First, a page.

Originally Posted by 531Aussie
i think people often have a mis-conceived notion of vegetarianism and alternative diets, and tend to expect a "one-size fits all" approach will work. this is especially not true if you consider yourself athletic, and therefore need to be sure to have enough protein and fat intake. you can certainly be vegetarian and highly athletic (i.e. Carl Lewis: see http://www.vegsource.com/articles/lewis_intro.htm
), but it defintely takes a lot of work and commitment.
choosing to be a committed vegetarian or vegan is not for everyone, but the veg movement is much more than that. more important i think than following a strict diet is to be aware of what you put in your body, and how that affects yourself, the earth, and the other people in the world--to be mindful of the ripple effects of your personal actions, and to see the power inherent in those actions. it's important to be critical of all new fads and theories, i myself am rather critcal of the raw foods craze, but there have been numberous studies published in the New England Journal of Medicine and JAMA stating the positive health benefits of vegetarian diets, especially in relation to Type II Diabetes and Heart Disease. the popularity of diets, especially atkins, and the fact that obesity has become endemic in the States, makes vegetarianism look like a very healthy lifestyle indeed.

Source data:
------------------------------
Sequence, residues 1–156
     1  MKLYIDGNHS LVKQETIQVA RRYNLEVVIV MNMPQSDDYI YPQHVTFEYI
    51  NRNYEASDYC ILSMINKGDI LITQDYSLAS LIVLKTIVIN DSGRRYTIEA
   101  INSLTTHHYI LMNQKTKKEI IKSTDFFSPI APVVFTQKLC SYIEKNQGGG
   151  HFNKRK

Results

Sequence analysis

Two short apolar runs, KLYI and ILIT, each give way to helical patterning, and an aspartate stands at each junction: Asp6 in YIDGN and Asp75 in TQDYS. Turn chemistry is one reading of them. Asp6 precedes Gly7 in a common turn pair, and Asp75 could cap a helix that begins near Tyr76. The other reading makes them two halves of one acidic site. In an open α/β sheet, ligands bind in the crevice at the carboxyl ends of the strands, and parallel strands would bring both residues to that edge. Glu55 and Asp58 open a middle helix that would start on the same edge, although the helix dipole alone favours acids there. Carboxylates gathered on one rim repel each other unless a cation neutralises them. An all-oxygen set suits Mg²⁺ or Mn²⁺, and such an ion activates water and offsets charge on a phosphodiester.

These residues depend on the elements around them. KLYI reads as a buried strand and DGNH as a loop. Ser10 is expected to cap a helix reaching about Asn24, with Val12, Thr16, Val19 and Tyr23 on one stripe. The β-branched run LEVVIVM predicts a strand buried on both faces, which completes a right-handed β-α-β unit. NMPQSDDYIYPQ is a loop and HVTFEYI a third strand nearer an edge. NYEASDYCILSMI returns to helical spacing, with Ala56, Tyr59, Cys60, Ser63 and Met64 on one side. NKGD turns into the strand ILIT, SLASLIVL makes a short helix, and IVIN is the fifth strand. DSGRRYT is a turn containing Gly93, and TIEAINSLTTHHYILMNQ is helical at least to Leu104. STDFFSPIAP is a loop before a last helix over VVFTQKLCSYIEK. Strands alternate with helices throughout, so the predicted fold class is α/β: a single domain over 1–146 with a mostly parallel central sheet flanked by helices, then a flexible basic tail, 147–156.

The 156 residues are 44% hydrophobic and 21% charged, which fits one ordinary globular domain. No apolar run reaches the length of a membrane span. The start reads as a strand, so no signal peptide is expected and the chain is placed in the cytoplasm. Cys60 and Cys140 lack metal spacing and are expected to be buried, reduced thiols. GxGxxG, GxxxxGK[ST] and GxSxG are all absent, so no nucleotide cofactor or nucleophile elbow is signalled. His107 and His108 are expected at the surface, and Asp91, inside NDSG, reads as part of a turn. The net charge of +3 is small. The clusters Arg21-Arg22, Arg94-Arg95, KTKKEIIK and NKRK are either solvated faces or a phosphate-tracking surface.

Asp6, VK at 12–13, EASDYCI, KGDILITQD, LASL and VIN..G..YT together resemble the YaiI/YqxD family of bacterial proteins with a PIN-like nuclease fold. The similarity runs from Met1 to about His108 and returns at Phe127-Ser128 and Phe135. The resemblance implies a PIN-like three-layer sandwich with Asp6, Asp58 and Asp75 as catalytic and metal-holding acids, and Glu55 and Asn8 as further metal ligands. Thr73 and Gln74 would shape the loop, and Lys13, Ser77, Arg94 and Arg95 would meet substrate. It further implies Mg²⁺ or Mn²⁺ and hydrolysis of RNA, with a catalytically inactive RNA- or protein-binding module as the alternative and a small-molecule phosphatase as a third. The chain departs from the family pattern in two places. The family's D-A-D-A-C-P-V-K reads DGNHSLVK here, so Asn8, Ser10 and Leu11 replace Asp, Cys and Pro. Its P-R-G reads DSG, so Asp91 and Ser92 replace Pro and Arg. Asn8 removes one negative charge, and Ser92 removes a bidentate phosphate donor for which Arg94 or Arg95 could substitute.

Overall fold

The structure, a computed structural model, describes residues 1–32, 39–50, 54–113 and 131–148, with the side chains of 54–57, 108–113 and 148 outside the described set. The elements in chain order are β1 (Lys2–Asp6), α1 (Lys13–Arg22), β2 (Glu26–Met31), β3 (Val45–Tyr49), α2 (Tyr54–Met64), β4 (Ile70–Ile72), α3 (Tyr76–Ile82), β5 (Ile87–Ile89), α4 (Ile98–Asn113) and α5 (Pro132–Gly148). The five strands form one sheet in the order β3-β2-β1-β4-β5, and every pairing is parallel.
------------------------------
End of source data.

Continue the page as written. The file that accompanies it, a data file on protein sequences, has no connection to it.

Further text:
it looks like in this case the trouble is with not enough caloric intake, and has little to do with a vegetarian vs. meat-friendly diet.
also, just to note the creator and main writer for the site beyondveg.com (Tom Billings) is a vegetarian of 30 years, and continues to follow the diet. his criticisms seem to fall most heavily on raw foods and vegan diets.